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- Dietary resin acids for better performance and intestinal immunomodulation – a study with broiler chickens
In the recent years, Hankkija, together with professor Filip van Immerseel’s research group at the University of Ghent in Belgium, have studied the mechanism-of-action of dietary resin acids in broiler chicken. In a published study by Aguirre et al. (2019), resin acids were added to broiler chicken diets, which resulted in a significant reduction of inflammation-associated collagen degradation by specific matrix metalloproteinase enzymes (MMPs) in jejunal and ileal epithelium. This effect suggested improved gut barrier functions and a better resilience against various stress factors to gut membrane.
Results of a follow-up study, conducted Alimetrics Research Ltd in Finland, were presented at the 72nd annual meeting of the European Federation of Animal Science (EAAP2021) by Dr. Hannele Kettunen. The study was co-authored by S. Vartiainen, K. Vienola, J. Apajalahti and J. Vuorenmaa, and it was titled as “Immunomodulatory and performance-enhancing effects of dietary resin acids in broiler chickens”.
For the experiment, the hypothesis was that dietary resin acid concentrate (RAC) would affect the expression of genes related to collagen degradation and inflammation in ileal epithelium. A protocol to study the effect of dietary a resin acid concentrate (RAC) on the growth performance of broiler chickens and on the expression of ten immune response -related genes in their intestine was designed.
On the first day of the experiment, male Ross 308 hatchlings were allocated into 20 pens, 14 chicks/pen. The two dietary treatments, both with ten replicates, included a wheat-soy -based control diet (CON) and the same diet amended with 175 g/ton of Resin acid concentrate with 40% resin acids (Hankkija Oy).
The birds were weighed on days 1, 21 and 35, and the feed intake and FCR were determined for the respective periods. Compared with the control treatments, RAC significantly increased bird weight on days 21 and 35, also improving FCR between days 1-21. Mortality was similar in all treatments.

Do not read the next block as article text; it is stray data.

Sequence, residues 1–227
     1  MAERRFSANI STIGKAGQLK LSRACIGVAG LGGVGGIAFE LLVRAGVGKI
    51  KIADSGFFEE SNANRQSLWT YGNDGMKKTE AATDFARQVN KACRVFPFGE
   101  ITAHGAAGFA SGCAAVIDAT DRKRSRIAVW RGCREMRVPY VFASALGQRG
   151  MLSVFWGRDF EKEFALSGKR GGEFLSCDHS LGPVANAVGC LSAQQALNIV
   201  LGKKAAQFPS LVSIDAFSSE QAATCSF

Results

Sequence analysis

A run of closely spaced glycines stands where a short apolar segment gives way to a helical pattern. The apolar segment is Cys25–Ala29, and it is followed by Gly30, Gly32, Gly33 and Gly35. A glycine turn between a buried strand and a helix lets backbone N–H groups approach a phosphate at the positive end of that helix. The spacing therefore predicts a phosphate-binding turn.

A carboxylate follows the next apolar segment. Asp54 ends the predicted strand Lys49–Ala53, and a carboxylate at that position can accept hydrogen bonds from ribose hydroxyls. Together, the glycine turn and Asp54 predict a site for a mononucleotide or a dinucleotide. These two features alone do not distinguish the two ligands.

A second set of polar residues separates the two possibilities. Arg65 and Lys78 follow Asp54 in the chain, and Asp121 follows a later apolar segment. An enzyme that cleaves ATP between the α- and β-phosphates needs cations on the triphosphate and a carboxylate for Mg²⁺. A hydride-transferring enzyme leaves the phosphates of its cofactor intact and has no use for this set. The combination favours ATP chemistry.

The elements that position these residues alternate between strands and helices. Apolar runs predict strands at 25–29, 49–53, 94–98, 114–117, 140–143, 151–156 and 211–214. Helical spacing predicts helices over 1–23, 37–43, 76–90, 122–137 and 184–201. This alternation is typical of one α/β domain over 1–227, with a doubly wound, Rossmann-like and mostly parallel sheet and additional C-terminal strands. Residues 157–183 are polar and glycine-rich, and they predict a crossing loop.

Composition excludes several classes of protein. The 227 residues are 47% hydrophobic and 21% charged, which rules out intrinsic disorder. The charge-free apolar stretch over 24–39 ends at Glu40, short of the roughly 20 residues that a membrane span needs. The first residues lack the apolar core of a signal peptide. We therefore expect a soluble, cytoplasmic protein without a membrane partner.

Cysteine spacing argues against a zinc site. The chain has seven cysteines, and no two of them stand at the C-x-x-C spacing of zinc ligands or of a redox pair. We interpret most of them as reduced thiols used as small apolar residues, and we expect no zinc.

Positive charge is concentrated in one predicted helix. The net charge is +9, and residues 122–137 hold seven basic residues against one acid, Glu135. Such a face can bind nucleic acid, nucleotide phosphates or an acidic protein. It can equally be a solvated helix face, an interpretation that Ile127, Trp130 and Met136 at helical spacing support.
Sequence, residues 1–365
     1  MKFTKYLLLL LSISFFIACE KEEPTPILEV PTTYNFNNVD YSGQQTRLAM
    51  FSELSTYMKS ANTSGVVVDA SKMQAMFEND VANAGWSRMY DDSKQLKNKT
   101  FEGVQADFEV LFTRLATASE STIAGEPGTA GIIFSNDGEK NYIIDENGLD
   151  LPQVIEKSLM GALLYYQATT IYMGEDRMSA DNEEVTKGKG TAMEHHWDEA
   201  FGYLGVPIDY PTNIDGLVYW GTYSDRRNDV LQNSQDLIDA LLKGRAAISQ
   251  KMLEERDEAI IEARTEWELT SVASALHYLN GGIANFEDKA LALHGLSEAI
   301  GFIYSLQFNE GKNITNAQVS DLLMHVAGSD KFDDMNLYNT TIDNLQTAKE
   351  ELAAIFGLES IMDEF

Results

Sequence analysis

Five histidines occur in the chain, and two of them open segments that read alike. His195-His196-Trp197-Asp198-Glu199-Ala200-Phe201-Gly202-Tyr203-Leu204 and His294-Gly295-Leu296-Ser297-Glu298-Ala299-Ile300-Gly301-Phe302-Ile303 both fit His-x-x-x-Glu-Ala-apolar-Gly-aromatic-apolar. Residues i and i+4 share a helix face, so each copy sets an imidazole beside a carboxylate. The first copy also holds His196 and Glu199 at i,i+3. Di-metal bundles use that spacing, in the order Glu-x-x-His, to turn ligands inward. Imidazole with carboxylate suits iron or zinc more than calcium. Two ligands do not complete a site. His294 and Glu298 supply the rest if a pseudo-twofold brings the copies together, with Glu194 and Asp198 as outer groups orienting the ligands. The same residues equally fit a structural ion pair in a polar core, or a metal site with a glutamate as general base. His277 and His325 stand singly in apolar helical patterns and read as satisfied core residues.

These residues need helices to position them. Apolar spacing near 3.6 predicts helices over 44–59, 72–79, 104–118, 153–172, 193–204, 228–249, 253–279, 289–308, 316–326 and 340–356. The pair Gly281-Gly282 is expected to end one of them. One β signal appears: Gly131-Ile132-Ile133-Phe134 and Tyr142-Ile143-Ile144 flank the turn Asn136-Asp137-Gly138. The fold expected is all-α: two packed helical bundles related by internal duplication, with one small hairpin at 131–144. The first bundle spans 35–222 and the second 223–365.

Two birds per pen were sampled on day 21 for gut mucosal tissue, and the samples were analyzed by qPCR for the expression of ten inflammation-associated genes: nuclear factor (NF)-κB subunits 1 and 2, NF-κB inhibitor α, matrix metalloprotein (MMP)-2, MMP-7, MMP-9, interleukin (IL)-6, IL-10, tumor necrosis factor (TNF)-α and peroxisome proliferator activated receptor-ϒ.
The study did not show many significant effects for the ileal gene expression pattern: only the immune modulator NF-κB subunit 2 was affected (increased) by the dietary resin acids.
Thus, the study enforced the existing data suggesting improved performance of broiler chickens with dietary resin acid amendment. However, the data did not allow to draw strong conclusions on the effects of dietary resin acids and ileal gene expression on day 21. The study will be continued by a full-genome mRNA sequencing of the ileal samples.
Check another study presented at EAAP 2021: “Effect of dietary resin acid and zinc oxide in weaned piglets subjected to an immune challenge”
Reference: Aguirre et al. (2019) Vet. Res. 50:15.